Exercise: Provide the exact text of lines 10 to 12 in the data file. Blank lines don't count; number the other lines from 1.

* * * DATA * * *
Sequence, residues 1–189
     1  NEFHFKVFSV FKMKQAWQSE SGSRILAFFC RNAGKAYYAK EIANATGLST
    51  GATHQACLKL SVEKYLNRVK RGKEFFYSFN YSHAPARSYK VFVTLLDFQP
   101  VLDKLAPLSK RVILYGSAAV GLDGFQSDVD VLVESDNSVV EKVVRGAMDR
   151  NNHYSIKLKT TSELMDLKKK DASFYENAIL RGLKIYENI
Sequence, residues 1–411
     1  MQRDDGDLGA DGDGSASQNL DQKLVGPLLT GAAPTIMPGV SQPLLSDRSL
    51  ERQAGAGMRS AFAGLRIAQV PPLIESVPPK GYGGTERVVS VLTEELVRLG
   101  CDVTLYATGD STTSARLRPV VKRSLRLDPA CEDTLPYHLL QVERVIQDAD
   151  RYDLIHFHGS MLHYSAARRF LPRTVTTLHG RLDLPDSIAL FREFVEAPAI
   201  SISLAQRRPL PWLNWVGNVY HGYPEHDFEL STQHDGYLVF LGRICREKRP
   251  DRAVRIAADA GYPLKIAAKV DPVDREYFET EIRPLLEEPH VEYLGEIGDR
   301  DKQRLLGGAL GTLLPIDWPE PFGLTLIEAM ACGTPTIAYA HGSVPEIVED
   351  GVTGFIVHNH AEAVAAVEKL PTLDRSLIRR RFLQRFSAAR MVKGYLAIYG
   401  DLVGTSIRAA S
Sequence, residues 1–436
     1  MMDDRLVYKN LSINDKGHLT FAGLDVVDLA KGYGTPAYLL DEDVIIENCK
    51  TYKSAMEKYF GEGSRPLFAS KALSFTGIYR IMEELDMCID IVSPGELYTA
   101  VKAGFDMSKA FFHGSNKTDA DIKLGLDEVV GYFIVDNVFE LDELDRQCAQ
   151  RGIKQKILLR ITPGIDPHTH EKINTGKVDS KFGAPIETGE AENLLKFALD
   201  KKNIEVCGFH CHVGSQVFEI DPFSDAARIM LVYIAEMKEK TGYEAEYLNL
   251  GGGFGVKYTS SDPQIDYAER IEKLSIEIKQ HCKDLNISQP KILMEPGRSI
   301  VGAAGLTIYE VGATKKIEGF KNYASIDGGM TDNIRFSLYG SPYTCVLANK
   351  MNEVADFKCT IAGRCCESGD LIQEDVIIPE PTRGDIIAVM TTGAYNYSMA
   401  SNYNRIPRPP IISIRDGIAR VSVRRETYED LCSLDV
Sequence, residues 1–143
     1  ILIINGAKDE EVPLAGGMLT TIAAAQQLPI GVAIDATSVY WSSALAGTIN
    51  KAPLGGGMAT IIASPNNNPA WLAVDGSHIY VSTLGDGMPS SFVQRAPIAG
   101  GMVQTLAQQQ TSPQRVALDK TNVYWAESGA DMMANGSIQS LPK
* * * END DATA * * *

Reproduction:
   151  RYDLIHFHGS MLHYSAARRF LPRTVTTLHG RLDLPDSIAL FREFVEAPAI
   201  SISLAQRRPL PWLNWVGNVY HGYPEHDFEL STQHDGYLVF LGRICREKRP
   251  DRAVRIAADA GYPLKIAAKV DPVDREYFET EIRPLLEEPH VEYLGEIGDR